Sunday, February 21, 2010

Revolution By the Book: Academic Repression -- Reflections from the Academic Industrial Complex

Academic Repression: Reflections from the Academic Industrial Complex
Peter McLaren (Editor), Steven Best (Editor), and Anthony J. Nocella, II (Editors)
Revolution By the Book


Neoliberalism and Academia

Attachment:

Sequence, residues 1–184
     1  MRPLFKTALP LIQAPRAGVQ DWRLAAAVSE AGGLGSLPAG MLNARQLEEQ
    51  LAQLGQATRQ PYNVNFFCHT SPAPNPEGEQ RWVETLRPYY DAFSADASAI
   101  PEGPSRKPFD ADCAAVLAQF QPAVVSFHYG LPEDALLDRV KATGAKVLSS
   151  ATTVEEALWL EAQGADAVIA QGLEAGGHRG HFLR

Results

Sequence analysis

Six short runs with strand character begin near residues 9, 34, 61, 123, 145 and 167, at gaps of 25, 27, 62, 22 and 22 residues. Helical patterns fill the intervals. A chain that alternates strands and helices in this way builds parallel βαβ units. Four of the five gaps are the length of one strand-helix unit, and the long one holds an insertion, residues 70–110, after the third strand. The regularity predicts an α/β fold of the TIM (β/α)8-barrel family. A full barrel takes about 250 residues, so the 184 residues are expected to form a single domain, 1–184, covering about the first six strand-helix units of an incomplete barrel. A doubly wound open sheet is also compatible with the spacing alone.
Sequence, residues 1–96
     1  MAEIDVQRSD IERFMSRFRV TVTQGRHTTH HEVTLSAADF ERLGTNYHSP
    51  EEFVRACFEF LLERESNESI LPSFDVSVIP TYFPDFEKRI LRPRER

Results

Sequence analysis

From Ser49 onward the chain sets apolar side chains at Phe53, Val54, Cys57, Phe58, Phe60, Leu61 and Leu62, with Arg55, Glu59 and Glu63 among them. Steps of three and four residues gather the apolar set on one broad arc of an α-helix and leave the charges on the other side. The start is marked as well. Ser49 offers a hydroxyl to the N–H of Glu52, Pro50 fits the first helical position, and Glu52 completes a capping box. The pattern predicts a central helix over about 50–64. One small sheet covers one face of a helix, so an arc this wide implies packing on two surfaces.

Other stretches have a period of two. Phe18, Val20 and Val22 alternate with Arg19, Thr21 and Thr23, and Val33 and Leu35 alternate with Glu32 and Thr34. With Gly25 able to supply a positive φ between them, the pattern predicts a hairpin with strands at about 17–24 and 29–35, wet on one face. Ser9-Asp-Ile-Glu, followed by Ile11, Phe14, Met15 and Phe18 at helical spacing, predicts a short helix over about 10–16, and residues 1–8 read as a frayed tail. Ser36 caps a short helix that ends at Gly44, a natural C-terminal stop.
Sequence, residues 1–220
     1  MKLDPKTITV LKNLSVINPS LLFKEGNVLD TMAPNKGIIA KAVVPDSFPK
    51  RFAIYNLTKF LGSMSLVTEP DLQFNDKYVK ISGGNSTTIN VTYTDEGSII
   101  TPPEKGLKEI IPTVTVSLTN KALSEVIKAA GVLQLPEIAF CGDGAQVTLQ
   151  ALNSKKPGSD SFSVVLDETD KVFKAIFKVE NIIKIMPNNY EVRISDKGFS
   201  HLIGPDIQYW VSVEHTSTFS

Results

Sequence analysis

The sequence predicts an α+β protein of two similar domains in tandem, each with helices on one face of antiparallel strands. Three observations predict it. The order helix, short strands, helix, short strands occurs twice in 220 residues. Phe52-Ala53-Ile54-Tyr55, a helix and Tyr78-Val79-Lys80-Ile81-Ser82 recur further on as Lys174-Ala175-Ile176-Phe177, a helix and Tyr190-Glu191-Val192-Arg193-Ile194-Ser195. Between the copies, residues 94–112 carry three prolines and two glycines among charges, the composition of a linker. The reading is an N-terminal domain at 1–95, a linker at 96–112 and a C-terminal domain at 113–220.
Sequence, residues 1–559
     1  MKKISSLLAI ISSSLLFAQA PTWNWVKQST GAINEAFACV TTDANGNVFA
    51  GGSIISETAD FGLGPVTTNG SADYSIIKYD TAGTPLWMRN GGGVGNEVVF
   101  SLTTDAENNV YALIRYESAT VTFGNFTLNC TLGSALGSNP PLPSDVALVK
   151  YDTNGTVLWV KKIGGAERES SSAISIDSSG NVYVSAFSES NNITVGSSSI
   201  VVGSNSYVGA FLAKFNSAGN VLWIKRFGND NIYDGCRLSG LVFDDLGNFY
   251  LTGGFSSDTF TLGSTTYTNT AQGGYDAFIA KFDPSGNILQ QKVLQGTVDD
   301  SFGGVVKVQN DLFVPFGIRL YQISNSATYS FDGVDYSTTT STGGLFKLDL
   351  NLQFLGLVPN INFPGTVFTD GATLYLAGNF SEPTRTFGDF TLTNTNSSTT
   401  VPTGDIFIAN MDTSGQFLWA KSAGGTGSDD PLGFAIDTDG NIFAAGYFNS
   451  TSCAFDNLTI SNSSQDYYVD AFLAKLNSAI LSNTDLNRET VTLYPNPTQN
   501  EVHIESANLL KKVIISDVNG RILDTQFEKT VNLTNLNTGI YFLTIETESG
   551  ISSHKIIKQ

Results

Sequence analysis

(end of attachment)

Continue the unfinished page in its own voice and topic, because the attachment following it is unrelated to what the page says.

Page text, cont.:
It was not paranoia that led John Dewey in the 1940s to warn that a corporatization process had begun whereby universities learned to shape and pattern themselves on a business model driven by the need to compete and turn education into a profit-making enterprise. Nor was it delusional when, in 1961, President Eisenhower warned that the “military industrial complex” posed a threat to the balance of powers and to civil liberties. The fusion of warfare, capitalism, science, and technology cannot take place without knowledge, advanced technologies, and a low-cost labor base, such as one finds ready-made in universities and their graduate student labor pools. Where science, engineering, and technology are crucial to capitalist militarism and militarist capitalism, universities form the third leg in a triadic system of postmodern power. It is a telling fact that the US spends more in the military sector than the rest of the world combined.